In the shadow of the murderous assault at Mother Emmanuel Church in Charleston, this week, there has been a demand – from both left and right – for the "white community" to "once again call racism by its name".
As stated by the young man who murdered nine good people, it was his aim to kill "those people" in order to start a race war, which makes his actions clearly racially motivated. Ergo, he is a racist.
But as of today, I have not seen anybody refuse to admit there is racism in this country. Not one. Indeed, there is no clear evidence before me that anybody has said white people can not be, are not bigots, have no trace of racist thoughts within them. We all know, and most admit, that there will always be those who prefer the company of those who look like themselves, disregarding the other commonalities. In a free society, it will always be their prerogative to be ignorant, to choose poorly. That does not mean the whole of society is driven by that ignorant behavior.
What I have seen is a years-long habit of labeling disagreement over policy as racism. What I have seen is a decades-long habit of calling crime statistics "evidence of racism" in law enforcement, without taking into consideration other factors. What I have seen is a justice system being labeled as racist because "a black man can't get a break" even when Michael Jackson, Orenthal J. Simpson, and others with money walk, despite the overwhelming evidence the public sees against them.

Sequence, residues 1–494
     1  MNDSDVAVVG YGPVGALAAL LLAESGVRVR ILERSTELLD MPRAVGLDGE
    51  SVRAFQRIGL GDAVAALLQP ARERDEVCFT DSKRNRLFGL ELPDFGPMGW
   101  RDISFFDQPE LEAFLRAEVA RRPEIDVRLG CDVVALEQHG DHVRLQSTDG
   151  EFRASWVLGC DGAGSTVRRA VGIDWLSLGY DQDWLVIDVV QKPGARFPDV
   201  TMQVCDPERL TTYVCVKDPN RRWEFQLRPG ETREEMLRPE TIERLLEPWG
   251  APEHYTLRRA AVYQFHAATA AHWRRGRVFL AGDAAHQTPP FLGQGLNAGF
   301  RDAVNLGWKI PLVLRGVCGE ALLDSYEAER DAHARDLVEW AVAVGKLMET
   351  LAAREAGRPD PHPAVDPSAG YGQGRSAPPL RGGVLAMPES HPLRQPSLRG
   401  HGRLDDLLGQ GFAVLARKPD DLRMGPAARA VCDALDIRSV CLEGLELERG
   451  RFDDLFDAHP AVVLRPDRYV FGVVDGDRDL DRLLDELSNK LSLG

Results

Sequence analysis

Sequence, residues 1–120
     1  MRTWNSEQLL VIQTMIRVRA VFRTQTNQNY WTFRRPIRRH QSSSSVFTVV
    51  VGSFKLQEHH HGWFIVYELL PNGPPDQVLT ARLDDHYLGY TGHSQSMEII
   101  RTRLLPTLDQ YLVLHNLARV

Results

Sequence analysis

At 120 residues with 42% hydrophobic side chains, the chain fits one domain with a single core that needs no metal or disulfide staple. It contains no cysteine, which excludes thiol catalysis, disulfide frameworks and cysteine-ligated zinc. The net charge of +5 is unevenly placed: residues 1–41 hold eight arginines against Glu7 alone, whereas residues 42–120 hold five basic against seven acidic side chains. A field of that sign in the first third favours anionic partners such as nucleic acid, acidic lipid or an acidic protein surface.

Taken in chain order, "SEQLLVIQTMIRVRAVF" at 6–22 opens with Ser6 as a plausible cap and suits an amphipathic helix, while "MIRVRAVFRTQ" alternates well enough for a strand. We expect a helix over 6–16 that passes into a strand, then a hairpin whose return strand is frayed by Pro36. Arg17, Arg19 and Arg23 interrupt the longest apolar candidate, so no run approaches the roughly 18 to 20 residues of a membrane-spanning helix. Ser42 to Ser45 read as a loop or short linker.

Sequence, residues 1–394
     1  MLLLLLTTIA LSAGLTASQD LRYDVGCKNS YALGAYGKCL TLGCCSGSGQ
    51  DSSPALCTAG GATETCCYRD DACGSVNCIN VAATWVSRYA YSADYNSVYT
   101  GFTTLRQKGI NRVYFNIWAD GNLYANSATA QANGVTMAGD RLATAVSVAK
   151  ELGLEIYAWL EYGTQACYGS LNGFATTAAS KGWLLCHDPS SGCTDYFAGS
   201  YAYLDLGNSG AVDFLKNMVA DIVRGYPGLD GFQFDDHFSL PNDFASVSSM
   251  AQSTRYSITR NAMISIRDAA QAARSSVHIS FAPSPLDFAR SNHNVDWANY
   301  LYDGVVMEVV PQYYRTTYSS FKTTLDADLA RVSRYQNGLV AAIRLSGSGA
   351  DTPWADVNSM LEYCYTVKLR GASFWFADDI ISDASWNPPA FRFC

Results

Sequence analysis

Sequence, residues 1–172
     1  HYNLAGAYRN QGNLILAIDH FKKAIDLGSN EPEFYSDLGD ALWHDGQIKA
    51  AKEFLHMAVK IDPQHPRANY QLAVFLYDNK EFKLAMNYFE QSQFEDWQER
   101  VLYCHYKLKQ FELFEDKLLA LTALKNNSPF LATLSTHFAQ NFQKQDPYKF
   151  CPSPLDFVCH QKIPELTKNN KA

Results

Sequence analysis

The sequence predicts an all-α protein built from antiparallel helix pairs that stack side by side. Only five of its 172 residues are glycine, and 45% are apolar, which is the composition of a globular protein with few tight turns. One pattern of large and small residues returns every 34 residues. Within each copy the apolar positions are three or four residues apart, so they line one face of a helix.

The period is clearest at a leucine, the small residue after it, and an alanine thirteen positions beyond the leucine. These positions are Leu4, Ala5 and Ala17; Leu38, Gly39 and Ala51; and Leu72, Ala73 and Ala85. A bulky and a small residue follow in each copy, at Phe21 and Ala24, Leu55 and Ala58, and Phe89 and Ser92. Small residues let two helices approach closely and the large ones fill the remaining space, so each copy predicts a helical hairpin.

Even now, there are those who use the social media to "prove" the racial bias of law enforcement by displaying side-by-side photographs of a black scofflaw who died while resisting arrest and the non-confrontational capture of the very white Charleston terrorist. Obviously, to the people who post the paired images, there is nothing but open racism on display. There is no possibility in their minds that, ultimately, the behavior of each criminal is what will define the end result.
Again, I am in no wise saying there is no such thing as racism in this country – that would be an absurd statement no matter how peaceful our neighborhoods. What I am saying is, for years there have been cries of of racism a reasonable person would ascribe to other factors. It doesn't matter to some. The accusation makes it so. In this manner, as long as the accused continue to deny that racial bias has been the primary factor in X or Y or Z, then when a clear case of bigotry comes along, the accusers feel justified in shouting, "See? See? Racism is everywhere! And you're a racist to deny it!"
If there is no possibility of any other motivation, then people should go ahead and call it by its rightful name, call it bigotry. But it dulls the meaning and stops real conversation when it gets tossed willy-nilly into every disagreement. And, where good people argue that racism is not the cause at hand, it is equally counterproductive to claim that there has been blanket denial of the presence of any such discrimination.
This is antithetical to free discourse. It is absurd. And it needs to stop.